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The Conference Room That Re-Arranges Itself

Just pick how you want it set up and the tables move themselves into position

1 min read

You can add a new entry to the long list of problems that can be solved by robots: arranging tables in a conference room. On my personal workplace hassle scale, I'm not sure that moving conference room furniture ranks much above "occasional nuisance." But Yukiko Sawada and Takashi Tsubouchi at the University of Tsukuba, Japan, evidently find shoving tables to be an unappealing task for humans. So they built a room that could re-arrange itself.

In this case, the tables are the robots. Select the arrangement you want from a graphical interface, and the tables will move to their new locations. The movement is monitored by an overhead camera with a fish-eye lens, and the software uses a trial-and-error approach to determine the best sequence of motion. But it's best to see the room in action for yourself. Check out the video the researchers presented at ICRA earlier this month.

[youtube https://www.youtube.com/v/UtW8PDP7P1s&hl=en_US&fs=1& expand=1]

In the paper, the authors explained the rationale for the project:

In these days, at conference rooms or event sites, people arrange tables to desired positions suitable for the event. If this work could be performed autonomously, it would cut down the man power and time needed. Furthermore, if it is linked to the Internet reservation system of the conference room, it would be able to arrange the tables to an arbitrary configuration by the desired time.

I'm not sure the cost and complexity of such a system could ever be low enough to be practical, but there's definitely something fun about watching the tables reconfigure themselves. And if you already have autonomous, why not go all the way and add a reconfigurable wall?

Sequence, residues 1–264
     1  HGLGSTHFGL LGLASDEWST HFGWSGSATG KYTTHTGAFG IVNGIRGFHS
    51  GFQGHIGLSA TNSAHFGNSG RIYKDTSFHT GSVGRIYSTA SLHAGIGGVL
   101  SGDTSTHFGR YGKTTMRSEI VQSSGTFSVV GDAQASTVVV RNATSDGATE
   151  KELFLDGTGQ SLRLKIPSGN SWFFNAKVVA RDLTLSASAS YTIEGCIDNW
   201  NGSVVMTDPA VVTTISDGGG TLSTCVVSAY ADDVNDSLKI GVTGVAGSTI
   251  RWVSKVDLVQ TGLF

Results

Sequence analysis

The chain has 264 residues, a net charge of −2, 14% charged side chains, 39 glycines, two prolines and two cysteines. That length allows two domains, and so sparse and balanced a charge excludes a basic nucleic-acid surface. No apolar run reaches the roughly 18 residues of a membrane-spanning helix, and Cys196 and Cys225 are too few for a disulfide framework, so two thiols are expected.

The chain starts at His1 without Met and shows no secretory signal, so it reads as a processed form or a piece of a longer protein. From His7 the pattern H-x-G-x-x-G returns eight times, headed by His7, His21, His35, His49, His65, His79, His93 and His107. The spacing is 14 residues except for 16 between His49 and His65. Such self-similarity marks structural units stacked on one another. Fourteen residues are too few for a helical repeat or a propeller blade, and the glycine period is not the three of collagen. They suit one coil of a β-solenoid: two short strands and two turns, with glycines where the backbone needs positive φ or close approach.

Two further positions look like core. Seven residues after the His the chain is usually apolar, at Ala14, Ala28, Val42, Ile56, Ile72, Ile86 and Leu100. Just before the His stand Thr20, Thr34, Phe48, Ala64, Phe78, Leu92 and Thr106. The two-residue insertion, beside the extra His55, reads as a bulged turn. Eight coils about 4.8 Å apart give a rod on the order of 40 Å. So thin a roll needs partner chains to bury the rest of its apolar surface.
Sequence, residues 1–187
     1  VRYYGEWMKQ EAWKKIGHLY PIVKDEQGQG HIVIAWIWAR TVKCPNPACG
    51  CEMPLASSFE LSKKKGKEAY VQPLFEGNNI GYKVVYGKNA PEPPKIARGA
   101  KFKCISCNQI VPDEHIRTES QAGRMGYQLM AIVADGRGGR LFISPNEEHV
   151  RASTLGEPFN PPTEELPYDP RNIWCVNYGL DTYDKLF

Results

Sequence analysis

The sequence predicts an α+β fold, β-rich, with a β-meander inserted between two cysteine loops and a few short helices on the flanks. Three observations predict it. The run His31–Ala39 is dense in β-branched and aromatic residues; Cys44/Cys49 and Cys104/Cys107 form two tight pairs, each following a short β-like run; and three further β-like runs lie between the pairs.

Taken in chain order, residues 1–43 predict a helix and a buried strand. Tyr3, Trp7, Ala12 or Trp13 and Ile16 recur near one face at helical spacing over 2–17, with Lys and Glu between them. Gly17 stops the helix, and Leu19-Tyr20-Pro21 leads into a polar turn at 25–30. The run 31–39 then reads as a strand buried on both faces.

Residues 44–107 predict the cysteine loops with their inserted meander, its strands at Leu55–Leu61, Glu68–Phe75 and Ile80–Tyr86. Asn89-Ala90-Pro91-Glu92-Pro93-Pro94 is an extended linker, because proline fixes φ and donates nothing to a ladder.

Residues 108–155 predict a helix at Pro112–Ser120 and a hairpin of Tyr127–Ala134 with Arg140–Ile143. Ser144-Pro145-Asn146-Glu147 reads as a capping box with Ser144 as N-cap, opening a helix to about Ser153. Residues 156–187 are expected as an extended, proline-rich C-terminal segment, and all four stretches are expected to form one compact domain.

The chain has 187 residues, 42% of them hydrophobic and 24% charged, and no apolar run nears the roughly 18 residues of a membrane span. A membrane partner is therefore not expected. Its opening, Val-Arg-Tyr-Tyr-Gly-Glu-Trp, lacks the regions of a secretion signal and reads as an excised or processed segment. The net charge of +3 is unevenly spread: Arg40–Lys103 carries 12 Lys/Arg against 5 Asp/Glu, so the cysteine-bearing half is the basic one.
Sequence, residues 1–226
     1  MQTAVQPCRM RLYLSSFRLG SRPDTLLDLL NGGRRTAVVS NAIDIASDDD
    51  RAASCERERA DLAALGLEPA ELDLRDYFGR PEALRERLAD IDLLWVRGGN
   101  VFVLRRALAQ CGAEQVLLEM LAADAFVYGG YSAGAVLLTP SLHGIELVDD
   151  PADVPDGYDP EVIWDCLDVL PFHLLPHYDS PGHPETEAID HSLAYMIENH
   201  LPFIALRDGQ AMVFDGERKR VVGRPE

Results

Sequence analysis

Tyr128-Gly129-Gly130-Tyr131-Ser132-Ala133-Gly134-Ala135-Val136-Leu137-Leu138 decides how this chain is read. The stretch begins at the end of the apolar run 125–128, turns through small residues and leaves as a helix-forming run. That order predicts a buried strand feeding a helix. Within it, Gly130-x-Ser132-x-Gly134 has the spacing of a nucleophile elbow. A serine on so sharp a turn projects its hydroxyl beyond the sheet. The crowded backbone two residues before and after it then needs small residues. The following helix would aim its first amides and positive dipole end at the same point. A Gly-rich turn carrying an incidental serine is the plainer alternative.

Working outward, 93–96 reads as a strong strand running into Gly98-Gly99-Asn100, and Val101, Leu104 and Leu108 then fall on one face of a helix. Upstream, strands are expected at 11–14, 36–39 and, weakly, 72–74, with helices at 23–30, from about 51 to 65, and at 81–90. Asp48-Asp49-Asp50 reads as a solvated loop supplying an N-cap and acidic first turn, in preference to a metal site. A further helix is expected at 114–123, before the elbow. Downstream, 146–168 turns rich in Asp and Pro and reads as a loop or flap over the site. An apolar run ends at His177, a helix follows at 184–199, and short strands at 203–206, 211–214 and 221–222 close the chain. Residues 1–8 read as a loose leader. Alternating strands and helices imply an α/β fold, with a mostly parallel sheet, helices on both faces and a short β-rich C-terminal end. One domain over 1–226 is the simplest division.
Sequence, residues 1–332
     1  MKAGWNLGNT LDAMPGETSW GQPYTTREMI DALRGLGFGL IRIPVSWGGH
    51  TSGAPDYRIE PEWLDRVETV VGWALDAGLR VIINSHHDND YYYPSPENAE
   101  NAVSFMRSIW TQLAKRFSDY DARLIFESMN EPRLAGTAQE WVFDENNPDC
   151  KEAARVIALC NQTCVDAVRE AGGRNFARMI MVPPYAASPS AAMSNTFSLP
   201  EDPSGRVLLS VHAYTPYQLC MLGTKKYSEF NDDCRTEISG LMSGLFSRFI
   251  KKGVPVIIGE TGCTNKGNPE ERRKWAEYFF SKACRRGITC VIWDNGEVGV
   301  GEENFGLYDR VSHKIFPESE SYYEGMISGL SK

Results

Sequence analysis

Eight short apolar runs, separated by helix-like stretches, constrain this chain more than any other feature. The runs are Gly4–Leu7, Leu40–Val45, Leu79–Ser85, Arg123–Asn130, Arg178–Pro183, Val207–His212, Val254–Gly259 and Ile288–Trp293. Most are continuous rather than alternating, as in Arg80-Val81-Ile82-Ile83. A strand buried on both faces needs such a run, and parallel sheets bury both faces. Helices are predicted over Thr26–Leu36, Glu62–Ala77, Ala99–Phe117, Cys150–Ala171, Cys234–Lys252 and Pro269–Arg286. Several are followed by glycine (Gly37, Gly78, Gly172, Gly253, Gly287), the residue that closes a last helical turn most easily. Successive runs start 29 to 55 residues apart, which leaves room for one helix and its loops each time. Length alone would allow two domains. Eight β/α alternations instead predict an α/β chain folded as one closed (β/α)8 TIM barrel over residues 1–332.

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The Bionic-Hand Arms Race

The prosthetics industry is too focused on high-tech limbs that are complicated, costly, and often impractical

12 min read
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A photograph of a young woman with brown eyes and neck length hair dyed rose gold sits at a white table. In one hand she holds a carbon fiber robotic arm and hand. Her other arm ends near her elbow. Her short sleeve shirt has a pattern on it of illustrated hands.

The author, Britt Young, holding her Ottobock bebionic bionic arm.

Gabriela Hasbun. Makeup: Maria Nguyen for MAC cosmetics; Hair: Joan Laqui for Living Proof
DarkGray

In Jules Verne’s 1865 novel From the Earth to the Moon, members of the fictitious Baltimore Gun Club, all disabled Civil War veterans, restlessly search for a new enemy to conquer. They had spent the war innovating new, deadlier weaponry. By the war’s end, with “not quite one arm between four persons, and exactly two legs between six,” these self-taught amputee-weaponsmiths decide to repurpose their skills toward a new projectile: a rocket ship.

The story of the Baltimore Gun Club propelling themselves to the moon is about the extraordinary masculine power of the veteran, who doesn’t simply “overcome” his disability; he derives power and ambition from it. Their “crutches, wooden legs, artificial arms, steel hooks, caoutchouc [rubber] jaws, silver craniums [and] platinum noses” don’t play leading roles in their personalities—they are merely tools on their bodies. These piecemeal men are unlikely crusaders of invention with an even more unlikely mission. And yet who better to design the next great leap in technology than men remade by technology themselves?

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